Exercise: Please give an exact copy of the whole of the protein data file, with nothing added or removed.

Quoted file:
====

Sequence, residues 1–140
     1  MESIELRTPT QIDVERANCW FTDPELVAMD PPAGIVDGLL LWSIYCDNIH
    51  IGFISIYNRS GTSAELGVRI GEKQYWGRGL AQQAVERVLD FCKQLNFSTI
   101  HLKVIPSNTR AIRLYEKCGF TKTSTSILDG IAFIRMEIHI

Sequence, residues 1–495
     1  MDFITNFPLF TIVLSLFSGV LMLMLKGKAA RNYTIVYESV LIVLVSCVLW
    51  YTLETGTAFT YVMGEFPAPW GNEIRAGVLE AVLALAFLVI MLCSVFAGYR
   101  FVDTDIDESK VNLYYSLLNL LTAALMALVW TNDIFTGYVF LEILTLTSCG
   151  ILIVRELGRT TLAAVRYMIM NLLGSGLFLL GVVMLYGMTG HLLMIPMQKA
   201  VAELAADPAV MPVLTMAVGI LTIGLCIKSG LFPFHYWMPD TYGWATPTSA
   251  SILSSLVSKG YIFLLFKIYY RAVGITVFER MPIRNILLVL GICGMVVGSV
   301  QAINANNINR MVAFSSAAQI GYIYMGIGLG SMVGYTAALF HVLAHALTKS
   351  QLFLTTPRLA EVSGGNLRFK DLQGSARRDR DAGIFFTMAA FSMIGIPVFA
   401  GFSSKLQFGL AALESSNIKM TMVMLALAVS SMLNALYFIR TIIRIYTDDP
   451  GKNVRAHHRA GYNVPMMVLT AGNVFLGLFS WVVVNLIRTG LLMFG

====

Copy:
Sequence, residues 1–140
     1  MESIELRTPT QIDVERANCW FTDPELVAMD PPAGIVDGLL LWSIYCDNIH
    51  IGFISIYNRS GTSAELGVRI GEKQYWGRGL AQQAVERVLD FCKQLNFSTI
   101  HLKVIPSNTR AIRLYEKCGF TKTSTSILDG IAFIRMEIHI

Sequence, residues 1–495
     1  MDFITNFPLF TIVLSLFSGV LMLMLKGKAA RNYTIVYESV LIVLVSCVLW
    51  YTLETGTAFT YVMGEFPAPW GNEIRAGVLE AVLALAFLVI MLCSVFAGYR
   101  FVDTDIDESK VNLYYSLLNL LTAALMALVW TNDIFTGYVF LEILTLTSCG
   151  ILIVRELGRT TLAAVRYMIM NLLGSGLFLL GVVMLYGMTG HLLMIPMQKA
   201  VAELAADPAV MPVLTMAVGI LTIGLCIKSG LFPFHYWMPD TYGWATPTSA
   251  SILSSLVSKG YIFLLFKIYY RAVGITVFER MPIRNILLVL GICGMVVGSV
   301  QAINANNINR MVAFSSAAQI GYIYMGIGLG SMVGYTAALF HVLAHALTKS
   351  QLFLTTPRLA EVSGGNLRFK DLQGSARRDR DAGIFFTMAA FSMIGIPVFA
   401  GFSSKLQFGL AALESSNIKM TMVMLALAVS SMLNALYFIR TIIRIYTDDP
   451  GKNVRAHHRA GYNVPMMVLT AGNVFLGLFS WVVVNLIRTG LLMFG